MySpace simplifies settings as Facebook criticised
MySpace has announced plans to simplify its privacy settings as it seeks to differentiate itself from social network rival Facebook, which is under fire over its privacy practices.
"The last few weeks have been fraught with discussion around user privacy on social networks," Jones said without directly mentioning Facebook by name.
"MySpace early on recognized the issues facing a website with a massive global population and we've taken our responsibilities seriously," he said.
"While MySpace at its core is about discovery, self expression and sharing, we understand people might want the option of limiting the sharing of their information to a select group of friends," Jones said.
"We respect our users' desires to balance sharing and privacy, and never push our users to an uncomfortable privacy position," he said.
"We provide clear privacy settings, allowing not only restrictions on who can view their profile data, but also age restrictions to allow age separation of older and younger users."
Jones said MySpace, which was bought by News Corp. in 2005 for 580 million dollars, is "planning the launch of a simplified privacy setting for our user profiles.
"While we've had these plans in the works for some time, given the recent outcry over privacy concerns in the media, we felt it was important to unveil those plans to our users now," he said.
"In the coming weeks, MySpace will continue to simplify its privacy settings to create a simpler, more intuitive approach that gives users greater control over their information," Jones said.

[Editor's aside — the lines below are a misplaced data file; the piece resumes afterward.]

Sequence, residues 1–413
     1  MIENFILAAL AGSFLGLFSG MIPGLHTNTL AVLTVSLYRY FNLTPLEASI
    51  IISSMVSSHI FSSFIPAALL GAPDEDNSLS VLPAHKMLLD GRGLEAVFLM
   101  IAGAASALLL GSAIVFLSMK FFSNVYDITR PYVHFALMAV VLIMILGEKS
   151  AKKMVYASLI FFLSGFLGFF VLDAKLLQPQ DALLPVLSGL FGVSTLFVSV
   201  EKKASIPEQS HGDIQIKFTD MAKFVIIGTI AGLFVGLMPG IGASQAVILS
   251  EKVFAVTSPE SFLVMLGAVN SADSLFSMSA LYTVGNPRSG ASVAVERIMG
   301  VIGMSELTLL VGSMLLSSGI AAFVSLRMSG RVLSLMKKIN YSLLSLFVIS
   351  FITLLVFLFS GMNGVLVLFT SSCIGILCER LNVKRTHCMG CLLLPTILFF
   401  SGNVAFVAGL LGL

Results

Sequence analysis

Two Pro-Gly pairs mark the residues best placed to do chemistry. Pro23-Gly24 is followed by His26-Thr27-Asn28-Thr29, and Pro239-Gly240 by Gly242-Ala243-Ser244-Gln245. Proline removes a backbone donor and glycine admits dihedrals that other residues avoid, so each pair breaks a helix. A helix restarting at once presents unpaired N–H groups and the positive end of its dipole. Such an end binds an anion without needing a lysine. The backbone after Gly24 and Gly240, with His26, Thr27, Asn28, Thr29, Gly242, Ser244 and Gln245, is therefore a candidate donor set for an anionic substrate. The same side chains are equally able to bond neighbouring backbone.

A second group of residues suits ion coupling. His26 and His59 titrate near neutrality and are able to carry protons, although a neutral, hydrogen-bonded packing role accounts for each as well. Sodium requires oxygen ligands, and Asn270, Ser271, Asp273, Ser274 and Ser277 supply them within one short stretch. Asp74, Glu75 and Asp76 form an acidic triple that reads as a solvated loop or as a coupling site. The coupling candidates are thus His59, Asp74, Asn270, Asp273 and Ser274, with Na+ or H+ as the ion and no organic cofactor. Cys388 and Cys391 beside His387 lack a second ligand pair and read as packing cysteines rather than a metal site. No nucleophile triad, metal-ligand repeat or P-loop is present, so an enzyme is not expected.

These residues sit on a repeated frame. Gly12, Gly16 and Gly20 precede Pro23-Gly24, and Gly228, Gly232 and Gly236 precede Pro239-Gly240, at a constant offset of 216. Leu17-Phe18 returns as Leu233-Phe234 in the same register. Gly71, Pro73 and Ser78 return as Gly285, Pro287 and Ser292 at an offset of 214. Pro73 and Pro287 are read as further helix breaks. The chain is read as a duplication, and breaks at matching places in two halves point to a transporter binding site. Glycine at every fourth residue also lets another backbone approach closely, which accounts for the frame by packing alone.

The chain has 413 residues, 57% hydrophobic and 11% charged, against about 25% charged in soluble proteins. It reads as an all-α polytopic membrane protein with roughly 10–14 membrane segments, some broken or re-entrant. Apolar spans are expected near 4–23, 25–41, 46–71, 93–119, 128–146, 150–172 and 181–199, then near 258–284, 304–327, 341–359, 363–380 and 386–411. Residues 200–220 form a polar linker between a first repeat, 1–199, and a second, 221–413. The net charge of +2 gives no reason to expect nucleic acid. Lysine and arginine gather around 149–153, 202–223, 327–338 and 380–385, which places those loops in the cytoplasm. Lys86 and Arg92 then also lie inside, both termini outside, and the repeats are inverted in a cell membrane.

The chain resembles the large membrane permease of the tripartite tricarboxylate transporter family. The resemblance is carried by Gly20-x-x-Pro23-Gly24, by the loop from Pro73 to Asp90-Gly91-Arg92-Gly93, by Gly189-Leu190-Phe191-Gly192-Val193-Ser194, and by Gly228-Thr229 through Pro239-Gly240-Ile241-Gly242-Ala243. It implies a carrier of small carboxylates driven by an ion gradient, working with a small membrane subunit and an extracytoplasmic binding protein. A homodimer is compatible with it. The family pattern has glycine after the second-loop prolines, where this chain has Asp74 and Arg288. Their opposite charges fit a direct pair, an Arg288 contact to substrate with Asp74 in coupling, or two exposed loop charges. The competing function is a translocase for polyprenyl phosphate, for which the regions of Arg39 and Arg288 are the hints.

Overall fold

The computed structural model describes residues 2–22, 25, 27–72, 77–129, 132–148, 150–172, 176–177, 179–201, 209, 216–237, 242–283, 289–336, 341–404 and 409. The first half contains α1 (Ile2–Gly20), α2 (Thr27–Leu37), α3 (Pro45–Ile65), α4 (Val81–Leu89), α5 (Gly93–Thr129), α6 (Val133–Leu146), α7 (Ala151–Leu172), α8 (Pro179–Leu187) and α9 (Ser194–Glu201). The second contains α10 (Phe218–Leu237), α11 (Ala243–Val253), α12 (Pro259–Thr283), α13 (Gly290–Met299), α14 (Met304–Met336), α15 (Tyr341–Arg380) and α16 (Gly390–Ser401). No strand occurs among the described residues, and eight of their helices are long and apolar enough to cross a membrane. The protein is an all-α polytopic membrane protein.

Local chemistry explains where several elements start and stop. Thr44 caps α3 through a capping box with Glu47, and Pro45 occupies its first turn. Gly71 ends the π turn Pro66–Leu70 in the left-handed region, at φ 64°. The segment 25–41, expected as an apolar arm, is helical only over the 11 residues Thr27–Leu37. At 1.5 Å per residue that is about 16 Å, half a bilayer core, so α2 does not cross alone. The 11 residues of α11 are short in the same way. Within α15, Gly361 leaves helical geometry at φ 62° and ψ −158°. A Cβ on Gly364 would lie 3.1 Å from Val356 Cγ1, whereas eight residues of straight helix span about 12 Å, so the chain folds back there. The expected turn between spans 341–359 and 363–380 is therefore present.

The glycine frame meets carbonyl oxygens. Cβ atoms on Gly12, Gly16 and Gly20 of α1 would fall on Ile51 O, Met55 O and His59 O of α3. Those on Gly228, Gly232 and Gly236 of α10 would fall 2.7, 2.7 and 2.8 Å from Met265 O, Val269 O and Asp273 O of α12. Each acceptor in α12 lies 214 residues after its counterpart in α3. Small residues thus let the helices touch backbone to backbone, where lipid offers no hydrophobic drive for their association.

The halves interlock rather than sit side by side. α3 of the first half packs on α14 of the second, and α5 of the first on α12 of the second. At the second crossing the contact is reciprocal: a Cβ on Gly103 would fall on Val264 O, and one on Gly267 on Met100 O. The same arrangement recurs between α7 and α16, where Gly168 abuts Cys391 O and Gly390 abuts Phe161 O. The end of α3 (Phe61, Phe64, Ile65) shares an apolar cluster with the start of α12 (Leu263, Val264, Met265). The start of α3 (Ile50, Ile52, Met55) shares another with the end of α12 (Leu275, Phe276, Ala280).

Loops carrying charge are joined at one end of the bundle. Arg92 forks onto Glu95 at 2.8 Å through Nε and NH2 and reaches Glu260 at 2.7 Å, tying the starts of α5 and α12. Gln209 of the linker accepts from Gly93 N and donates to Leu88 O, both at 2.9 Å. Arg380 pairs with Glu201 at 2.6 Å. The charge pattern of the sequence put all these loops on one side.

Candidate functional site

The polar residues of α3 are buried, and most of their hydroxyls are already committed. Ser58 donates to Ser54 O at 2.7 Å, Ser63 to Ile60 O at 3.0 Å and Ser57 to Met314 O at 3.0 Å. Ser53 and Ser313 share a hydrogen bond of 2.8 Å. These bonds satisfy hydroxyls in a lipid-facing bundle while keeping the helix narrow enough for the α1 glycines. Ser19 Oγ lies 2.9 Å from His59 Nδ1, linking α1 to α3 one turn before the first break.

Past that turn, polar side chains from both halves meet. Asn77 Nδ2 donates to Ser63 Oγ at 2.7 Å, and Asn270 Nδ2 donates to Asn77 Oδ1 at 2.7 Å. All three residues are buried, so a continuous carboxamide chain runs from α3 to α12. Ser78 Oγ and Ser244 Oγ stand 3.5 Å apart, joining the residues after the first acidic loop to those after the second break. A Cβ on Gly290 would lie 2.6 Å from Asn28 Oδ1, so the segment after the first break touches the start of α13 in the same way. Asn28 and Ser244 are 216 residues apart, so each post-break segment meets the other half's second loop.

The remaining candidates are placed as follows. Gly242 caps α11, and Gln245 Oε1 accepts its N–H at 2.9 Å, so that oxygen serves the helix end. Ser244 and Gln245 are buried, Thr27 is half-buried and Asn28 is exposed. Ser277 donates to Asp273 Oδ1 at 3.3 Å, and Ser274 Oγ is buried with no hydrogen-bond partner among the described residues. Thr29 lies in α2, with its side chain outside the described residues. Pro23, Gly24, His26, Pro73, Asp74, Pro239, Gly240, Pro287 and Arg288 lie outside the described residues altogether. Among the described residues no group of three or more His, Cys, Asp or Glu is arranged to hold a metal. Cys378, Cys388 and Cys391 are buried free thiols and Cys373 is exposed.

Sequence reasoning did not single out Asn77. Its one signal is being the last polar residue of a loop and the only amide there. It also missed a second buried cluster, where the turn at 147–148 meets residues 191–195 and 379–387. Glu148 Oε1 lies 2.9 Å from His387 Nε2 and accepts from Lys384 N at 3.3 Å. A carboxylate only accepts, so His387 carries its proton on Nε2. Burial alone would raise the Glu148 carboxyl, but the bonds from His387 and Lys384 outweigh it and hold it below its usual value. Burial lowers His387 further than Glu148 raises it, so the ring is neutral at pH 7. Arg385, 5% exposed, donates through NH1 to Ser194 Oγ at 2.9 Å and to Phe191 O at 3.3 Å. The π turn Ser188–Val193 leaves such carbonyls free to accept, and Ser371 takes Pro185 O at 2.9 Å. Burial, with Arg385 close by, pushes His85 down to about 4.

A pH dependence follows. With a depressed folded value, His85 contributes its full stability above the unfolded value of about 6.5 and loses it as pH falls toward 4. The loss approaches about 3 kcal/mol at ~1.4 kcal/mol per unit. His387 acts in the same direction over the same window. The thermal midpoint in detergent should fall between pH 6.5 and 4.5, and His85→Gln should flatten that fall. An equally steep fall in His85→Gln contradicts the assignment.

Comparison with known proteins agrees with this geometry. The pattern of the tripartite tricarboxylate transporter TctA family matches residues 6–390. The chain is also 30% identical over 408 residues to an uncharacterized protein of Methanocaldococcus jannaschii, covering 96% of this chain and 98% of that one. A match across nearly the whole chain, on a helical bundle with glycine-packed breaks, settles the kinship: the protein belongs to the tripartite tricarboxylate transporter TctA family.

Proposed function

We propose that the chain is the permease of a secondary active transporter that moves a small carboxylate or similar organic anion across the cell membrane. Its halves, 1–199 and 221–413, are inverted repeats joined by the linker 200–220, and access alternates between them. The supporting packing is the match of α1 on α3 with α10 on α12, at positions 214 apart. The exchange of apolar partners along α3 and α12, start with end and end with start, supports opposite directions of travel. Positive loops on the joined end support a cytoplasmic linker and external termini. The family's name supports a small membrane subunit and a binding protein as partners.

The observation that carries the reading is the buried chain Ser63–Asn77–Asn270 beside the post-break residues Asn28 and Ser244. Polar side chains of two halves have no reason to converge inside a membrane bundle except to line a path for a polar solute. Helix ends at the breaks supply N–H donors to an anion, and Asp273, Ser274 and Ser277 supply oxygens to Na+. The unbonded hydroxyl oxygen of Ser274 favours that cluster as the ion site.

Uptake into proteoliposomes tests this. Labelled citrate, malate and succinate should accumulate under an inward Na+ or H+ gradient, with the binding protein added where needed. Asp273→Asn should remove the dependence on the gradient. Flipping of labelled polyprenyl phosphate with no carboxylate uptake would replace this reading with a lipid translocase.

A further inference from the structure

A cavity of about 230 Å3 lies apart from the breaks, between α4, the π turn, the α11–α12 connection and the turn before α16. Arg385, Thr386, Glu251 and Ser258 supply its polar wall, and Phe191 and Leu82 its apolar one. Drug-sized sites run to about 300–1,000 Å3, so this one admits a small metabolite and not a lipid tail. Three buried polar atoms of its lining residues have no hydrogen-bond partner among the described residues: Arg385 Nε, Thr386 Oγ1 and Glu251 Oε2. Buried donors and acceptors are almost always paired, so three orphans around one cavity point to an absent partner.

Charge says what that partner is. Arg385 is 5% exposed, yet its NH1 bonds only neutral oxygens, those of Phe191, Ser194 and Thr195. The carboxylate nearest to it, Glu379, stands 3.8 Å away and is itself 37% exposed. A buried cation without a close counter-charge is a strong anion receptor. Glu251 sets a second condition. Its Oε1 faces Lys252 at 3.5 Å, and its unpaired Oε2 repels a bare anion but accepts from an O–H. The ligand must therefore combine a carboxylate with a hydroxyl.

The MySpace co-president said setting options will include "public, friends only, or public to anyone 18 or over."
"In making this change, MySpace will default the setting to 'friends only' for any user who previously had any granular page setting to 'friends only,'" he said, adding that users can change the option if they want.
The MySpace move comes with Facebook under fire from US privacy and consumer groups, US lawmakers and the European Union over new features that critics claim compromise the privacy of its more than 400 million members.
The new features introduced last month include the ability for partner websites to incorporate Facebook data, a move that would further expand the social network's presence on the Internet.
Four US senators, in a letter to Facebook co-founder Mark Zuckerberg, said they were worried that personal information about Facebook users is being made available to third party websites.
The senators also expressed concerns that "Facebook now obligates users to make publicly available certain parts of their profile that were previously private."
Sharing personal information should be an "opt-in" procedure in which a user specifically gives permission for data to be shared, they said.
Facebook vice president of global communications Elliot Schrage has been adamant that online privacy is taken very seriously at the company.
"These new products and features are designed to enhance personalization and promote social activity across the Internet while continuing to give users unprecedented control over what information they share, when they want to share it, and with whom," Schrage said.
(c) 2010 AFP